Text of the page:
Have Fun With Your Christmas Photos
The best shots we got during our home photoshoot were off the cuff. Drake told everyone to squish their faces together and that created genuine smiles from all of us. Having fun while taking your photos will produce better photos than trying to force smiles out of your family. My favorite shot of the whole morning was just a random snapshot I took of the kids. I did not think we would even use it, but it’s perfect for our card (see at the end of the post).
Design Your Card Using Canva
Initially I was going to use a company with pre-made beautiful cards so I would just insert the photos I took. However; I could not bring myself to pay a dollar or more for each card (no judgement if that’s you, I wish I was that fancy). Instead, I opted to design the card myself through Canva. I am so glad I did.
Using Canva was such a simple way to get all the elements I wanted for our Christmas card. I personally pay for the application. However; they offer a 30-day free trial which is more than enough time to design a Christmas card.
Here are the steps I used in Canva:
First, choose the sizing of the card. I chose 5×7 inches. Then upload the photo or photos you want to use. Edit the background color, Canva keeps track of the colors in your photo so you could opt to use a color that is already in the photo for a more cohesive look. Add any text you want. Then you can decorate using the elements tab. You can search for practically anything and it will show you different icons you can use. Go ahead and click the filter button to make sure Canva only shows the free options in the elements tab (picture below).
I only have two regrets when it comes to making my Christmas card in Canva. Choosing a font that was challenging to read and not leaving a bigger margin around my card.
I thought surely the font I chose would be clearer in person, it wasn’t. Yes Drake, you were right. Pick a font that is legible, even if it is not as cute.
Also, remember to leave extra room around the border of your card. I did not put the text all the way to the edge, but I got pretty close (Merry Christmas got topped off a little). Give yourself a good amount of border room to ensure your printer does not cut off the tops of any words…or heads.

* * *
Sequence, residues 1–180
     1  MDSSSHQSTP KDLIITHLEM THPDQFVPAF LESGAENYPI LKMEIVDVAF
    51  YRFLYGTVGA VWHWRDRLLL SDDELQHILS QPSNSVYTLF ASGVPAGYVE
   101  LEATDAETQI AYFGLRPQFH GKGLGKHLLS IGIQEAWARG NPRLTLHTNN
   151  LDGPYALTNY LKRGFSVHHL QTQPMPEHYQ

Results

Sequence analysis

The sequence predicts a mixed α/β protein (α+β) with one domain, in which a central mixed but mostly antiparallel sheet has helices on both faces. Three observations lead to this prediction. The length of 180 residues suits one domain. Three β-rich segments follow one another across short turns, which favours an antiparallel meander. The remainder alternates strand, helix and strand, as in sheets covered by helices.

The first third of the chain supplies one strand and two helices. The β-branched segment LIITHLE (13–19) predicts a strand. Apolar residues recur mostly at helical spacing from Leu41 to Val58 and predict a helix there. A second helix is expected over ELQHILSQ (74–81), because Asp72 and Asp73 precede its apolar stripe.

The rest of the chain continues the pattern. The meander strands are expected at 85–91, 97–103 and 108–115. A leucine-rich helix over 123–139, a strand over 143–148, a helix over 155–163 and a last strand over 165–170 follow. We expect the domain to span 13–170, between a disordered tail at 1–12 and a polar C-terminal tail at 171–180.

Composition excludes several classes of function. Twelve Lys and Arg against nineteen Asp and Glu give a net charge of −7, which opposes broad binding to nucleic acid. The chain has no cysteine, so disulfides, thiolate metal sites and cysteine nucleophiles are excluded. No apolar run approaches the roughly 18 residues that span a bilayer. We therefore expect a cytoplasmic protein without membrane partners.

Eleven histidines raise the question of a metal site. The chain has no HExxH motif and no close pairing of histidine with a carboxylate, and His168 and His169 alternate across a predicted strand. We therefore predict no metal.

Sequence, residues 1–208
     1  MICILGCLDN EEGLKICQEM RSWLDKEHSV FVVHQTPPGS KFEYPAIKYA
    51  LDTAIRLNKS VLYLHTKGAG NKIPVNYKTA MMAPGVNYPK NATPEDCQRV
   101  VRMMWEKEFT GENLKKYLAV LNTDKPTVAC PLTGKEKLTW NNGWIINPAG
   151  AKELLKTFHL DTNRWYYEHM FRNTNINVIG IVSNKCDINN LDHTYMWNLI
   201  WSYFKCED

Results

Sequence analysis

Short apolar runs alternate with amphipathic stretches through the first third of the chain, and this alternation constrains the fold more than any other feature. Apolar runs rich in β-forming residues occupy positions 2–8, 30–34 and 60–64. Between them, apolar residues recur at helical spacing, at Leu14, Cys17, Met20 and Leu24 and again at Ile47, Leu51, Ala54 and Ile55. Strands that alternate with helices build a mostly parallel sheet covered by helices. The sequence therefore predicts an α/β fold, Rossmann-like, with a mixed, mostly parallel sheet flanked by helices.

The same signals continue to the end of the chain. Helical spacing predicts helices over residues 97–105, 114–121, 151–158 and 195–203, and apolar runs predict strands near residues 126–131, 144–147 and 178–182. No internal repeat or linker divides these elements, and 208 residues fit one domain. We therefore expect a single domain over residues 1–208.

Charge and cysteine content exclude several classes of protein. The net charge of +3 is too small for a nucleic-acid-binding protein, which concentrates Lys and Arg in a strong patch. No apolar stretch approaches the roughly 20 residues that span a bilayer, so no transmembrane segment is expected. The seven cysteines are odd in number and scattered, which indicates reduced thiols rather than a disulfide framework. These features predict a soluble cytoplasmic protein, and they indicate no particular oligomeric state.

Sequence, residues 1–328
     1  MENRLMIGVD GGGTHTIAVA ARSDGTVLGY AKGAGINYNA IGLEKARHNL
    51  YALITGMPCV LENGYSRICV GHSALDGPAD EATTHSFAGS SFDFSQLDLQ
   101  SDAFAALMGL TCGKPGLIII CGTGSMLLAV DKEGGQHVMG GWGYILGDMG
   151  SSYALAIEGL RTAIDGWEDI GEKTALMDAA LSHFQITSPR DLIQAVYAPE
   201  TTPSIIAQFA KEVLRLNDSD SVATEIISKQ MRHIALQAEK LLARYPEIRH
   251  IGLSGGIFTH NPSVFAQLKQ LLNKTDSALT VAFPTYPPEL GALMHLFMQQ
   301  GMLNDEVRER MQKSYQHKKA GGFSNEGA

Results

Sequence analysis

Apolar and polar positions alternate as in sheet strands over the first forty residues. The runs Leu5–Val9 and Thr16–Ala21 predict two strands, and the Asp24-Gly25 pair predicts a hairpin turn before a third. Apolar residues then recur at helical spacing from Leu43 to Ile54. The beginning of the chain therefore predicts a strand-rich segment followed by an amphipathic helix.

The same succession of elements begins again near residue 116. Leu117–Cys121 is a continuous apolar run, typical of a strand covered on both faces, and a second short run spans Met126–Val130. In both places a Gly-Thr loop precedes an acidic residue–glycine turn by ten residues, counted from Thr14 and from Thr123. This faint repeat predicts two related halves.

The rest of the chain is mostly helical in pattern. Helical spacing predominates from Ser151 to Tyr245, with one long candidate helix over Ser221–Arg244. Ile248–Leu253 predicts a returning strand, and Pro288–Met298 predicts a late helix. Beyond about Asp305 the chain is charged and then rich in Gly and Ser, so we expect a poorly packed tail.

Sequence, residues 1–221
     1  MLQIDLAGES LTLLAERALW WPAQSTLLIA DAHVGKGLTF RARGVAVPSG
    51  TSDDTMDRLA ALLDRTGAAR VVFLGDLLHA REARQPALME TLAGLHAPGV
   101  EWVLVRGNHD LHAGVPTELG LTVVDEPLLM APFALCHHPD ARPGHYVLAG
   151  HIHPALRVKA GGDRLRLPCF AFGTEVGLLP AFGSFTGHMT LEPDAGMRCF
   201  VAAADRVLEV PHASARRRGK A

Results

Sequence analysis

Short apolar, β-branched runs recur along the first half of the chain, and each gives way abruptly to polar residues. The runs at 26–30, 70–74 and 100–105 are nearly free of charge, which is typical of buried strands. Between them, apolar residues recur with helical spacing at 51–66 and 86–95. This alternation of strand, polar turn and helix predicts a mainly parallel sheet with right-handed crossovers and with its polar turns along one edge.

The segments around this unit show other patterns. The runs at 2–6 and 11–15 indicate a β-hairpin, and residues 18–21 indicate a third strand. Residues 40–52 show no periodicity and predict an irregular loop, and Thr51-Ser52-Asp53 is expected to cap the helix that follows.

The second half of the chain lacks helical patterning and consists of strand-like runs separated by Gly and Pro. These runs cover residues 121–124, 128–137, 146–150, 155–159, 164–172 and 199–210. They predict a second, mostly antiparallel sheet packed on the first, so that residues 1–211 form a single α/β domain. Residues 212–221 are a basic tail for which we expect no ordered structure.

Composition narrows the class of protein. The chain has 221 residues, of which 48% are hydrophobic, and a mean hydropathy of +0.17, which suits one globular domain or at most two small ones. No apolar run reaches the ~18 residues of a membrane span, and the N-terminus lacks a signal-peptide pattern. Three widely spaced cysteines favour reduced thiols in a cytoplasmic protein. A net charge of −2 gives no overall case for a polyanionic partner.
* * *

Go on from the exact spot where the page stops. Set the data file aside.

Save Time & Money By Printing at Costco
For our Christmas photos, I printed at Costco. I chose the 5×7 size and lustre finish. I recommend this finish because your cards will be handled and it prevents fingerprints. It also seems to be more on-trend to have matte Christmas photos.
Also make sure you have auto-correct set to off, it will override your edits and change the look of your photos if you have it on. You can set your account settings to have auto-correct always shut off so you never have to worry about Costco overriding your edits in the future too.
Here are the benefits of printing with Costco Photo Center. They are ready for pick up the next day. You can send them to a Costco near you (as long as they have a photo center). Save big money on printing. I paid about $60 for 100 photos which was the best price I found even when using promo codes on other websites. Plus, (not sure if this works at all the Costcos or if the workers are all this nice) my photo center even gave me free envelopes when I asked to purchase some. Wins all around.
Christmas Photos Should Be a Joy
Christmas photos are meant to bring joy during the Christmas season. Your family and friends won’t care if you got the best shot or if all your kids are smiling. Enjoy this time of taking pictures with your family. If the shots come out looking a little silly, it will serve as a memory to look back on and laugh about.
You got this!
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How do you do Christmas photos?
Do you take and send them out? Leave your advice in the comments below.
I never thought about designing the Christmas card with Canva. Great tips!
It was fun it took me about 5 tries to get to one that I liked.
There are so many great ideas here! I will definitely be checking out Canva. My kids are 7 and 9 and we still need a ridiculous amount of takes to get a decent picture. Lol.
Age 7 & 9 are a different kind of squirmy I totally get it. Let me know how it goes!